New York Free School Society, 1805
New York Free School Society, 1805
The Setting. New York City in 1805 had 141 teachers for a population of 75, 770. Most of these teachers maintained private schools, while others taught in the charity schools run by churches, the African Free School, or the school for girls established in 1802 by the Association of Women Friends for the Relief of the Poor. About one hundred children attended the Roman Catholic school, eighty-six the Trinity Church school, and seventy a school run by the Dutch Reformed Church. Though these schools were open to all children, each religious group believed it essential to inculcate all children with religious values as well as with a knowledge of reading, writing, and arithmetic. Mayor DeWitt Clinton, nephew of New York governor and Vice President George Clinton, and other community leaders worried that even with these private charity schools many children were missing out on an education. The children most in need of instruction were those whose parents did not have religion, and so would be unlikely to send their children to a church-run school.
Foundation. In February 1805, at Clinton’s urging, a group of New Yorkers met to found the New York Free School Society, committed to opening free schools for all children in New York City. Clinton himself did not attend the meeting, which decided to submit a memorial to the state legislature to incorporate their society and to lend it whatever aid the legislature “deemed proper for the promotion of the benevolent object” of education. The legislature did incorporate the society but did not give it any money. Instead, the legislature limited its income to $10, 000 per year, to be raised through subscriptions.
Members could join the Free School Society for eight dollars in annual dues; for twenty-five dollars a member would be entitled to send one child to the Free School; and for forty dollars a member could send two children. The Free School Society elected its trustees, with DeWitt Clinton as president, and began soliciting money both to establish a Free School and to open a Sunday school for children unable to attend school during the week. Though both the Free School and the Sunday school were to be nonsectarian, not affiliated with any particular religion, still the “primary object” of both was “without observing the particular forms of any religious Society, to inculcate the sublime truths of religion and morality contained in the Holy Scriptures.”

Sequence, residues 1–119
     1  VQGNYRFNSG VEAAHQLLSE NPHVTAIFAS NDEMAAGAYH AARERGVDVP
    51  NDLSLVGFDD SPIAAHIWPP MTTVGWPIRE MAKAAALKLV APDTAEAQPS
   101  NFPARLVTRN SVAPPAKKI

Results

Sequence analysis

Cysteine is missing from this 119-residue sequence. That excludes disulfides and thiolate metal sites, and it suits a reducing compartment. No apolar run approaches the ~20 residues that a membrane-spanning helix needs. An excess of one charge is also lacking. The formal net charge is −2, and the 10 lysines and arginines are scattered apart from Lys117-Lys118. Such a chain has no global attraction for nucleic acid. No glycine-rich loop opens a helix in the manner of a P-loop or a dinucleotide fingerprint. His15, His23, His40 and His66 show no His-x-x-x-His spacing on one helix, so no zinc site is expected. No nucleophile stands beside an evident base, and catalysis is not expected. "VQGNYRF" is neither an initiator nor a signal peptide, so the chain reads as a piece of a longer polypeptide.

Raising Money. Though the trustees published their appeal in all of the city’s newspapers, people were slow to contribute. DeWitt Clinton gave the first pledge, for $200, but no one else gave more than $50, and most contributions were for $25. In the first year the Free School Society raised $6, 501, and in May 1806, one year after it began its public campaign, it was able to open a school in New York City, with about forty pupils. In April 1806 Col. Henry Rutgers, a member of the State Board of Regents, donated a lot on Henry Street for the building of a school “to meet the wants of the indigent in that populous part of the city.” Rutgers, who later served as president of the Free School’s board of trustees, was a great benefactor of education: he contributed $5, 000 to help Queen’s College in New Brunswick, New Jersey, remain open; the college thanked him by adopting his name.
EDUCATION FOR ALL
The Society for Establishing a Free School in the City of New York, a committee of the city’s leading citizens, drafted this memorial to the state legislature on 25 February 1805: